Getting physical and emotional support is what you need the most when you are trying to relactate. Relactation requires lots of time and energy, and having a supportive partner at your side makes a huge difference.
Getting your partner to care for your baby (when he is available) while you pump is a huge help. I also encourage you to join a supportive relactation group on Facebook. Don’t just join any breastfeeding or pumping group. Find a relactation group, so you can connect with like-minded moms and get the encouragement you need.
Get Help from Lactation Consultant
I can not stress this enough to get support from a lactation consultant when trying to relactate. I had a great success to They can give you personalized advice based on your situation. They will help you with your pumping strategies and teach you how to bring the baby back to the breast and much more. Here is how you can find them in your area.
For Canada, Click here to find Lactation Consultant in your area
For the USA, Click here to find Lactation Consultant in your area
Reintroducing Breastfeeding After Bottle
Another important part of the relactation process is bringing the baby back to the breast. Once you take a break from breastfeeding and give the baby a bottle, they may prefer a bottle over your breast.
And it is a huge challenge to bring the baby back to the breast. The main reason why they prefer the bottle over the breast is the milk flow and nipple preference. Babies do not have to work hard to get milk from the bottle vs. breast.
That is why it is also essential to paced bottle feed baby. Basically, you hold the bottle at an angle (so the nipple is not full of milk) and let the baby suck the nipple of the bottle to get the milk rather than holding the bottle horizontally with a continuous flow of the milk from the nipple. Thus, it is easy for a paced bottle-fed baby to switch between the bottle and the breast.
If you are not paced bottle feeding your baby, you may want to try it. Here is a detailed article on paced bottle feeding.
Now let’s look at the tips for reintroducing breast after bottle-feeding or encouraging baby to breastfeed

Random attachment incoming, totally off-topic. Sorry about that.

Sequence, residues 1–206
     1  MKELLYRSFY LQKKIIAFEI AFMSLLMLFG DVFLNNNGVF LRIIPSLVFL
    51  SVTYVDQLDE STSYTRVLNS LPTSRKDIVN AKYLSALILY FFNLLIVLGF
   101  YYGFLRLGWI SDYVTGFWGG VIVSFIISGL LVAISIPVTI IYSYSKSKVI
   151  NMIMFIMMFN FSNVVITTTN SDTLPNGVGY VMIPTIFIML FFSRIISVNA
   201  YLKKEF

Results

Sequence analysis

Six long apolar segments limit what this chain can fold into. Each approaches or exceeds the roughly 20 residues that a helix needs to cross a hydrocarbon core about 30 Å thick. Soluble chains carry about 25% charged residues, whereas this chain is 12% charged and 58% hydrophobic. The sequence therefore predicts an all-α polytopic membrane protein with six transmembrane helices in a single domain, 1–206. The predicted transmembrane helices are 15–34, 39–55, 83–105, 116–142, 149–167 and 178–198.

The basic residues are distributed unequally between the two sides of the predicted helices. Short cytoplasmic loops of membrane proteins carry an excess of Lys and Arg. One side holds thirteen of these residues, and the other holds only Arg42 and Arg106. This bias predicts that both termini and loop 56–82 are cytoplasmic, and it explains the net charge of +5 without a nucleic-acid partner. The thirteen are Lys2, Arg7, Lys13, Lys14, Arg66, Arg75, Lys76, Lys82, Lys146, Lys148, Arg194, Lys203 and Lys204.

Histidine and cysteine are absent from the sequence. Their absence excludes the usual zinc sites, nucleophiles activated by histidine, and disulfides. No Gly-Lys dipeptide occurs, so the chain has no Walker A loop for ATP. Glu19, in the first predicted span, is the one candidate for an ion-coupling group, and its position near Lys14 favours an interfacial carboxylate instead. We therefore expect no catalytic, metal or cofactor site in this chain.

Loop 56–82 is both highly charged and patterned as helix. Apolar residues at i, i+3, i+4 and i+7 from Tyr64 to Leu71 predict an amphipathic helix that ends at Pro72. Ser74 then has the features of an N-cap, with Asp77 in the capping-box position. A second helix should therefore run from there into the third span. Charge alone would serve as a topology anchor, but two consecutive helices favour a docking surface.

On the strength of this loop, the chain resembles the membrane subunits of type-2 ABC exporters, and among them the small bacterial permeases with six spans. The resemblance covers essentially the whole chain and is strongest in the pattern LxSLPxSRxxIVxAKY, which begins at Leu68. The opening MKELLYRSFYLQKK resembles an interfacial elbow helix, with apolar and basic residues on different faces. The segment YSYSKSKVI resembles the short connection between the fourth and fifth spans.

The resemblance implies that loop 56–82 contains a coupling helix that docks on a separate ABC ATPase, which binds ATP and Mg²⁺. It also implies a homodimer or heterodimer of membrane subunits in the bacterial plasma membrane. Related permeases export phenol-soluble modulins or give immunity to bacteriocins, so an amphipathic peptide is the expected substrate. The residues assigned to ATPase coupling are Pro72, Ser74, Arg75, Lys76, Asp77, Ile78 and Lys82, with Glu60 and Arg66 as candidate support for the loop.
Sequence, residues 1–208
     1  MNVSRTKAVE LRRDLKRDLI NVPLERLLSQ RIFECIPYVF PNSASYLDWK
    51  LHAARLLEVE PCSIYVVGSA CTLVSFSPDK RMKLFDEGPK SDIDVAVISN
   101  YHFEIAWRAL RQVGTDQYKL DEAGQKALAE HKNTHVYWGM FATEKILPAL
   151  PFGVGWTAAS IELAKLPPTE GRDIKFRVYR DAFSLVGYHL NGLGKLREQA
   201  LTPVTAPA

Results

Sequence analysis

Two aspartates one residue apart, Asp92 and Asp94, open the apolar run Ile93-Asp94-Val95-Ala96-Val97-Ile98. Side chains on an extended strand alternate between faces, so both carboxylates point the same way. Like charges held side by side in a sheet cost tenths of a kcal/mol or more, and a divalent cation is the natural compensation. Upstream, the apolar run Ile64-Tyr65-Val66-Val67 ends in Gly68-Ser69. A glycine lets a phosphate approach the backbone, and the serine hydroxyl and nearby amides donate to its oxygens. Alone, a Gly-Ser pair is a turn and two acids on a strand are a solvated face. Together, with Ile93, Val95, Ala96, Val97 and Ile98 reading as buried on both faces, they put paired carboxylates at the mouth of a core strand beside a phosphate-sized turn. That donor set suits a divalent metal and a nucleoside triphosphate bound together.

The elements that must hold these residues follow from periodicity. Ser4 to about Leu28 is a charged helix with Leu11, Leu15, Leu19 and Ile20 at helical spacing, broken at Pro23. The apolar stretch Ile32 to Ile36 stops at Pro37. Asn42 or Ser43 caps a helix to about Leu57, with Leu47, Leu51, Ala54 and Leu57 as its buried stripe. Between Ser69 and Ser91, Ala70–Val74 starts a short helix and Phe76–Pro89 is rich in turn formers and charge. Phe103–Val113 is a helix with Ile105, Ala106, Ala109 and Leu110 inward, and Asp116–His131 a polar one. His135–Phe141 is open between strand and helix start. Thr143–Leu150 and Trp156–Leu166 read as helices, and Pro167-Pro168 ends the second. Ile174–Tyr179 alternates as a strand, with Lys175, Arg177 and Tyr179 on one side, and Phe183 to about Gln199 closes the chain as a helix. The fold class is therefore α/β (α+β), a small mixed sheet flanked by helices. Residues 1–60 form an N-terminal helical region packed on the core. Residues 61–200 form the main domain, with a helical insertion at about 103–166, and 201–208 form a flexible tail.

Skin to skin contact
Skin-to-skin contact is recommended by a Lactation consultant when you want to stimulate your nipple. It also helps babies get used to being close to you as they may or may not be getting skin to skin because of bottle feeding.
Once you put your baby skin-to-skin, they naturally get drawn to the nipple if they are hungry. This is a great way to encourage the baby to come back to the breast. Skin-to-skin also helps breast milk flow freely by releasing a hormone called oxytocin, responsible for promoting milk supply.
Another way to keep your baby close to you is babywearing them. Co-bathing is also great for getting skin-to-skin with your baby and relax.
Use Nipple shield
If your baby resists breast because they are used to bottle nipples, try a nipple shield. You wear them at the breast when feeding to facilitate proper latch and then slowly take them off once your baby starts suckling. Check out the article on how to use a nipple shield here.
Feed them in a dark and distraction-free room
Once they get a little older, they start exploring things around them, and little noise is enough for them to disturb your breastfeeding session. So, do yourself a favor and feed them in a dark and distraction-free room. When they are relaxed and not stimulated, they are more willing to feed on a breast.
Express your milk on nipple before offering Breast
Hand express milk on your nipple at the start of nursing. It will keep them interested in nursing until your letdown starts. As mentioned above, breast compression also helps with your milk flowing during breastfeeding.
Also, offer your breast when they are in their light sleep cycle or just before they wake up in the morning.
Remain Patient and Positive